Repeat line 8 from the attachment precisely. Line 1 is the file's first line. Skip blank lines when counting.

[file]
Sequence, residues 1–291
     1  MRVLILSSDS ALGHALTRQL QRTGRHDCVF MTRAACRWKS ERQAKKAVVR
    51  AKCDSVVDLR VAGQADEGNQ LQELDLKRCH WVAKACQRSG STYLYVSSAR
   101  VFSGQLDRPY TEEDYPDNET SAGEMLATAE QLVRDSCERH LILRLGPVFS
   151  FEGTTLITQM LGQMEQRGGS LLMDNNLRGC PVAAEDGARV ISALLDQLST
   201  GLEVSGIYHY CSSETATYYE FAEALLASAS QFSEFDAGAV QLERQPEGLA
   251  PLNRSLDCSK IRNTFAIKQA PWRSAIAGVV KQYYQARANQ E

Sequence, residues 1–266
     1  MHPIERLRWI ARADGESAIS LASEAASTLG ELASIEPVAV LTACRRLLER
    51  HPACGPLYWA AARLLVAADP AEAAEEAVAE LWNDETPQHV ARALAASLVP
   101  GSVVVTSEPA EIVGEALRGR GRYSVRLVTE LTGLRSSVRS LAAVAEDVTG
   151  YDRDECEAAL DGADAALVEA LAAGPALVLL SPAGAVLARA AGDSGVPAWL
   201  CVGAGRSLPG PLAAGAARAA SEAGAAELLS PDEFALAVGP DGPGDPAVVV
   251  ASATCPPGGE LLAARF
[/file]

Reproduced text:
Sequence, residues 1–266